Rhoda Grant said, “We have written to the Minister about the economic crises facing crofting and the proposed Bill, which will affect everyone in crofting.

“Legislation , especially in the current economic climate, will become a major distraction from the key issues facing crofting when all our efforts should be directed to tackling the grave concerns over stock numbers and wider issues like reforming the Scottish Rural Development Programme and Less Favoured Area Status, so that crofters can benefit more.

“In addition we are seeing threats to livestock transport , vet services and feedstock supplies, all of which crofting need.

“These problems require to be tackled urgently and diverting time and attention into debating the finer points of crofting regulation and new burdens on croft houses just doesn’t seem right just now.”

The MSPs have offered to work with the Minister and other parties in Parliament to address a desire for greater accountability of the Crofters Commission and point to the fact that the Minister has powers of direction and wide scope for action to address such concerns without resorting to legislation, unless and until those powers are found to be lacking.

Peter Peacock said, “The Crofting Acts give the Minister powers of direction over the Crofters Commission which have yet to be fully used

“These powers could be used to give the Commission more focus on absenteeism in those places where that is a real problem

“The election of the Assessors network could also be strengthened under existing powers, as a basis from which to draw new Commissioners.”

The Minister is due to visit Inverness later this week and visit a croft.

Rhoda Grant added : “During her visit this week and in other visits I hope she makes to crofts across the region, the Minister will hear first hand the issues facing crofters and the need for action.

The Government need to use all their current powers to improve the situation without diverting attention and effort into new legislation, the need for which is very controversial.

“They need to act before the economic circumstances of many crofters become untenable

“I don’t want to spend any time fiddling with bureaucracy while crofting burns.”

Written by davidstewart

April 15, 2009 at 1:42 pm

Posted in Uncategorized

Highlands and Islands MSP Launches Public Consultation on Victims’ Commissioner

06 April 2009

David Stewart, Highlands and Islands regional Labour MSP, has launched a public consultation document for a Victims’ Commissioner for Scotland.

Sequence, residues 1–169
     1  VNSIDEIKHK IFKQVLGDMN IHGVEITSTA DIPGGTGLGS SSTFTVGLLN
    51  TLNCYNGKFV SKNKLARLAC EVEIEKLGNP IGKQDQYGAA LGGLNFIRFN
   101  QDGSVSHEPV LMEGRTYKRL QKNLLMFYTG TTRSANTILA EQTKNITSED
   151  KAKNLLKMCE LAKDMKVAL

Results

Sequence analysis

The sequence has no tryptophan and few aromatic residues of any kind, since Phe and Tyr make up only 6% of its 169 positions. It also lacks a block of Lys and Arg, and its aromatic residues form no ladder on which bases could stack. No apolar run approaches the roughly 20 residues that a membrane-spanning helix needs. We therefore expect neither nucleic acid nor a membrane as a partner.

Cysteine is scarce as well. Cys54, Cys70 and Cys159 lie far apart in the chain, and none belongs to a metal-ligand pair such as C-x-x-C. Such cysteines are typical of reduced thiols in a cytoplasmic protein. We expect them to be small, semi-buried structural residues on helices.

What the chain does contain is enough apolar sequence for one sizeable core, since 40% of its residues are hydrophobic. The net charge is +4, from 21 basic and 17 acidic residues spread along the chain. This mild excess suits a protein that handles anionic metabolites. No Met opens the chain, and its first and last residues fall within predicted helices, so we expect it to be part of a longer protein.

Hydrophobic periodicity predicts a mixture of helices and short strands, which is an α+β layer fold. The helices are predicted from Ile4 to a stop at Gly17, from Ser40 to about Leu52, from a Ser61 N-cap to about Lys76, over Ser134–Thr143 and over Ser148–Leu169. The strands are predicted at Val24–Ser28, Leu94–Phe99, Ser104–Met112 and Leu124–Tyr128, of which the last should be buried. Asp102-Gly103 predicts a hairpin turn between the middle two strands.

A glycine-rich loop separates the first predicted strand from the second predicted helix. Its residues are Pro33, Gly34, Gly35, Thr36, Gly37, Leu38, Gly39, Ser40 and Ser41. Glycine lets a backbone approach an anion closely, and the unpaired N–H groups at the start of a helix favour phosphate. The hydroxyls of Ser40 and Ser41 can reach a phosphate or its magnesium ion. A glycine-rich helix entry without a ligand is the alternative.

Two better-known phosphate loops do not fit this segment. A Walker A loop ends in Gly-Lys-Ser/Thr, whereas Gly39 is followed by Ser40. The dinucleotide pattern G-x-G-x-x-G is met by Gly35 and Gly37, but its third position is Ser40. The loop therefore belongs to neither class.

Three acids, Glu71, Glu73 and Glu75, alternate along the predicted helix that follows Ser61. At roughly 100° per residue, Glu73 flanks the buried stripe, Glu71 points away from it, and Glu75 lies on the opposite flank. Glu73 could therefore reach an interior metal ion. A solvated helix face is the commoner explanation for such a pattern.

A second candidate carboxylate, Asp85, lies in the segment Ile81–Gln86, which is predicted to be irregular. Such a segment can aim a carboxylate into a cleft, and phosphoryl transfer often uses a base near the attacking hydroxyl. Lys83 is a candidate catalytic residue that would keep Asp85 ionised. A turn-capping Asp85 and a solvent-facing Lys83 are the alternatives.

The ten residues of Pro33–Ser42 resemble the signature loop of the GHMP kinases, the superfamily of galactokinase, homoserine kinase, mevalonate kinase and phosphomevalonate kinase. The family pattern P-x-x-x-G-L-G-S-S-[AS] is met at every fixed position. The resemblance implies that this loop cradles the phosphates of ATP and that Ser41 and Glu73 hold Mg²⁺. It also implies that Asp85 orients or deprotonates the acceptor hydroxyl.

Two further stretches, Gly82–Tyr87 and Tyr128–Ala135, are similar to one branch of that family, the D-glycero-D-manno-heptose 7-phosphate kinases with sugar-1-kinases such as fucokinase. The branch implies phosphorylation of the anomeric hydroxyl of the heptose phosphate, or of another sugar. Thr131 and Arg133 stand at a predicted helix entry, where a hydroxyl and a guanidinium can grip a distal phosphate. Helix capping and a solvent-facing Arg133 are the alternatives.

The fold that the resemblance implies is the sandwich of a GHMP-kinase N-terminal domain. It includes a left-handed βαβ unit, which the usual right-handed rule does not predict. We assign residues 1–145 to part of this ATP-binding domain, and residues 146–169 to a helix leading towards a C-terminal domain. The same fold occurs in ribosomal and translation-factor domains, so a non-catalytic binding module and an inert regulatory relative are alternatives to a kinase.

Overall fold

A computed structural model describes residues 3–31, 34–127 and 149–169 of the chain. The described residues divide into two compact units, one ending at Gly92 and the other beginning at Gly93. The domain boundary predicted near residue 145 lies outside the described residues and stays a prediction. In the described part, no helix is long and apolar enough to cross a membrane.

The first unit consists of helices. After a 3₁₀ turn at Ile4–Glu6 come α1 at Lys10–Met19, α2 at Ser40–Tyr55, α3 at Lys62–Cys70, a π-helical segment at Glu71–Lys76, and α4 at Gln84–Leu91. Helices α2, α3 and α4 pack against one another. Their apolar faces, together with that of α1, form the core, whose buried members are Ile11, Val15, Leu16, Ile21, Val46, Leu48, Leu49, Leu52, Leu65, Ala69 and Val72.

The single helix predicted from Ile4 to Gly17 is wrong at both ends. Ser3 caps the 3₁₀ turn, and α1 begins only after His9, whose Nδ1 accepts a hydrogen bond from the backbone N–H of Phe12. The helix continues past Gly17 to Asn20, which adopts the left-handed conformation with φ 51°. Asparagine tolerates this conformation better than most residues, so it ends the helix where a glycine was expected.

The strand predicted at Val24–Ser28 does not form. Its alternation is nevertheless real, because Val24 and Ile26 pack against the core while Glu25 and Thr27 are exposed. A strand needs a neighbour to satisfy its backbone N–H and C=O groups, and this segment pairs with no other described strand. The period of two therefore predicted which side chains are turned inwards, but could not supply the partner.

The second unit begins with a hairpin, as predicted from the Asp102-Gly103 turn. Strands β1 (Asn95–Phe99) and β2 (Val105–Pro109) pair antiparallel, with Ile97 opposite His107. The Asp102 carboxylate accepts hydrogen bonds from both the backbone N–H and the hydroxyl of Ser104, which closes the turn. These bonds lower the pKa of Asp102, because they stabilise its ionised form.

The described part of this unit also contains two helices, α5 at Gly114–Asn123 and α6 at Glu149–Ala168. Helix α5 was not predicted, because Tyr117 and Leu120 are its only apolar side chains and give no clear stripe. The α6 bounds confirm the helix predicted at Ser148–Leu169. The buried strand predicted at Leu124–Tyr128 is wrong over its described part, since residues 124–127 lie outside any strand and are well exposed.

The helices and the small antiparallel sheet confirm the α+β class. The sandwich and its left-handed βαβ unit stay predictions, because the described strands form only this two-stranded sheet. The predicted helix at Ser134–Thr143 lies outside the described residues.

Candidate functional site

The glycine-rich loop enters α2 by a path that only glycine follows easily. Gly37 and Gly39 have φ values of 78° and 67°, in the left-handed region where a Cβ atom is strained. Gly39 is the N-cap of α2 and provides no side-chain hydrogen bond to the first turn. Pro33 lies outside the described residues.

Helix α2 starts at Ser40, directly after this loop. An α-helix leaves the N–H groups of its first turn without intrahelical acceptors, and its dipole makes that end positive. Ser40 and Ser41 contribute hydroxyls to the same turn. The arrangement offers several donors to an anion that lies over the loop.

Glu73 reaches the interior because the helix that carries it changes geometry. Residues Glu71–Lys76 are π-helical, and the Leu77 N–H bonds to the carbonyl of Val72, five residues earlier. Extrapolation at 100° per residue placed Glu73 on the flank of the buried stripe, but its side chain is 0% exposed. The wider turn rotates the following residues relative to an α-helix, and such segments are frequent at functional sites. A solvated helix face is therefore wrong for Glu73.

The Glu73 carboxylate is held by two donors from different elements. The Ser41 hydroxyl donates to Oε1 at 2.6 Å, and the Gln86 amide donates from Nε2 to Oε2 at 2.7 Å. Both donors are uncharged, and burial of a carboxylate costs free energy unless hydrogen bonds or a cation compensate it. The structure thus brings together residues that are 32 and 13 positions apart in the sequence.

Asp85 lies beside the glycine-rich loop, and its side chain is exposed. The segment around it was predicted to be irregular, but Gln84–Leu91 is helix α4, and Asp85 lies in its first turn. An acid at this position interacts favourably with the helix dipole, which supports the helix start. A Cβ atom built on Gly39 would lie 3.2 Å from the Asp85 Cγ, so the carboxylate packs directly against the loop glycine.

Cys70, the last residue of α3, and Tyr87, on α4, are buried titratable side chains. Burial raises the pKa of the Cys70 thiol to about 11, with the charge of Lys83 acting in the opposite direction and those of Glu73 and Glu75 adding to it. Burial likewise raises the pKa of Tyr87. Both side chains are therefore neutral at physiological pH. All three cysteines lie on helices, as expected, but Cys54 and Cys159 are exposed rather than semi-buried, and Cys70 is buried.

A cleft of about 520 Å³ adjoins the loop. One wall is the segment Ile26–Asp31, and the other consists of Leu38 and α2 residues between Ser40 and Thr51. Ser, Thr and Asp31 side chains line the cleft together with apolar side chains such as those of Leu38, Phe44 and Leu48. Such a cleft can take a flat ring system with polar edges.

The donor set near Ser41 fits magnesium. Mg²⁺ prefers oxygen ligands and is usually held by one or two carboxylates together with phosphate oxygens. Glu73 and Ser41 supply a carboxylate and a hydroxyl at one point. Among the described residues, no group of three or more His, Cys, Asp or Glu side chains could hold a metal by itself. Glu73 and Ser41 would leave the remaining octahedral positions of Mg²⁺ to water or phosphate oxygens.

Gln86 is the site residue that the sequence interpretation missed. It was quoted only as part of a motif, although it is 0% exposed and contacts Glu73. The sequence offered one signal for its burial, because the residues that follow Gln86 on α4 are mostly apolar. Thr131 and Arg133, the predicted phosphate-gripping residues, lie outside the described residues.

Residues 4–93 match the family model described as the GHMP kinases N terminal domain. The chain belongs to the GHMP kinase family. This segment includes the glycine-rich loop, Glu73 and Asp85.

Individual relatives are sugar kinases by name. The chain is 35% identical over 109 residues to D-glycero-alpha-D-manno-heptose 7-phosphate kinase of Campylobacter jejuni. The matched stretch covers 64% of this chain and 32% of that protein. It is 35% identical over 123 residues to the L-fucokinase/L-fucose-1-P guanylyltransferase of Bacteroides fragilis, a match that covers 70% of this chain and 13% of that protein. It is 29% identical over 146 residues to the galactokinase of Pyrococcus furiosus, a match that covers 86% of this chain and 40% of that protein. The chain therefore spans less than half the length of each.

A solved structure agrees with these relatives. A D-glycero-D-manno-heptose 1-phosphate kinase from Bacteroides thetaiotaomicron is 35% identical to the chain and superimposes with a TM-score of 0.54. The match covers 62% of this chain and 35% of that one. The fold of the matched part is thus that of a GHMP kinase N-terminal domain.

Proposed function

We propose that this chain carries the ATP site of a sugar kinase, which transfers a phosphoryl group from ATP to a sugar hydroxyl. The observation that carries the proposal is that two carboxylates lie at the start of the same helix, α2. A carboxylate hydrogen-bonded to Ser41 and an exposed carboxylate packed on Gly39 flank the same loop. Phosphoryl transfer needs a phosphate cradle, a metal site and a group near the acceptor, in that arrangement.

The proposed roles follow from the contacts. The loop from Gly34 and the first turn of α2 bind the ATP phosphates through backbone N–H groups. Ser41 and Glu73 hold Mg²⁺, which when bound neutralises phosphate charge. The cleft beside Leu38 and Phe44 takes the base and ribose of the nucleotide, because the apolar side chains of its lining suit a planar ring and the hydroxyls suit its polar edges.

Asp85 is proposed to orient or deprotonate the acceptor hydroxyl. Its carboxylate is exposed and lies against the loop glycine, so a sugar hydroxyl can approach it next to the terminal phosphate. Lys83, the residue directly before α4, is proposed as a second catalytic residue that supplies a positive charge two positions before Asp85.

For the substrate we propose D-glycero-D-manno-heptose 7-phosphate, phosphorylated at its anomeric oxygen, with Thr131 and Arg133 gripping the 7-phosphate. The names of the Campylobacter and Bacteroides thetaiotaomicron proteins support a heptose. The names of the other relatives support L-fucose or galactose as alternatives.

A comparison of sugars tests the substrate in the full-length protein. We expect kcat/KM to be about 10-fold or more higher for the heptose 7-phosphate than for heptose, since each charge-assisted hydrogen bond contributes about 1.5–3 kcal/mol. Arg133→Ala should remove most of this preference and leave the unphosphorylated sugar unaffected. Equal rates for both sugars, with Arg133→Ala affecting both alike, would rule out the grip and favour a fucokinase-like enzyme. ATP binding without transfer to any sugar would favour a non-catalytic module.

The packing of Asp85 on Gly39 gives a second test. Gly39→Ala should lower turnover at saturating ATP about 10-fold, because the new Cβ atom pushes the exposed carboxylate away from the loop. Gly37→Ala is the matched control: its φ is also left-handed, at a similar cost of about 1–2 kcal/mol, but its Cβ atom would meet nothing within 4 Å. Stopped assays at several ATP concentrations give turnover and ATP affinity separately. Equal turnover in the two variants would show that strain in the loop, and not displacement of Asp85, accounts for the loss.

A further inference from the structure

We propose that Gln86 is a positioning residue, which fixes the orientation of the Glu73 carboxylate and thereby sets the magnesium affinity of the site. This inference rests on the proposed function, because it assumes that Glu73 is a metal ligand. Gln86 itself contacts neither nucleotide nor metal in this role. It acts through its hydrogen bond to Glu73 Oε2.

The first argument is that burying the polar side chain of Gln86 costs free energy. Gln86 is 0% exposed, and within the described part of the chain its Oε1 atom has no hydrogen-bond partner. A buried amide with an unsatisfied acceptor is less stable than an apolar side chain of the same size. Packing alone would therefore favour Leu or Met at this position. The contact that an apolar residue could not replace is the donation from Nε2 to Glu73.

Mr Stewart said: “One million people are victims of crime in Scotland each year and frequently this is a traumatic and deeply upsetting experience.

“The criminal justice system should always consider the needs of the victim and a Victims’ Commissioner for Scotland would champion the rights of victims and witnesses to crime.

“It is ironic that convicted prisoners have their own Commissioner, while victims do not.

“By launching this consultation document, I hope to asses the level of support from within key groups involved in the justice system and various organisations who are already supporting the victims of crime.”

Mr Stewart added: “Victim’s Commissioners already operate in Northern Ireland and only last week I met with Sara Payne, the recently appointed Victim’s Champion for England and Wales.

“There is an increasing acknowledgement that the needs of the victims of crime should be centre stage in the judicial system.

“I have issued some three hundred consultation booklets and hope to get a positive response so I can take my Bill to the Scottish Parliament for further scrutiny.”

Written by davidstewart

April 7, 2009 at 6:46 pm

Posted in Uncategorized

North MSP to meet with Victims’ Champion for England and Wales

31 March 2009

David Stewart, Highlands and Islands Labour regional MSP is to meet tomorrow with Sara Payne, the recently appointed Victims’ Champion for England and Wales.

Her role is to prepare the way for the appointment of a ‘Victims and Witnesses Commissioner’ for England and Wales.

Mr Stewart commented, “I am on the verge of launching a members’ bill in the Scottish Parliament hopefully leading to the appointment of a Victims’ Commissioner, who will be a champion, a focal point and a voice for victims across the length and breadth of Scotland.

“It is important to learn from the work that Sarah Payne has already carried out and also the Victims’ Commissioner in Northern Ireland.

“The main tasks to be carried out by Scottish Victims’ Commissioner could include promoting awareness and understanding on the rights of victims and actively engaging with victims and those working on their behalf.

“The Commissioner would also keep under review current policy and practice relating to victims and make recommendations on best practice and publish and instigate research on issues associated with victims.

“He/she would also conduct investigations on broad issues involving victims as a group, with the power to call witnesses.

“An example could be the treatment of rape victims by the justice system.”

Mr Stewart added, “The criminal justice system needs to keep the needs of victims of crime centre stage and ensure that the necessary support is in place for those who have often undergone what is frequently a traumatic experience.”

Written by davidstewart

April 1, 2009 at 7:19 am

Posted in Uncategorized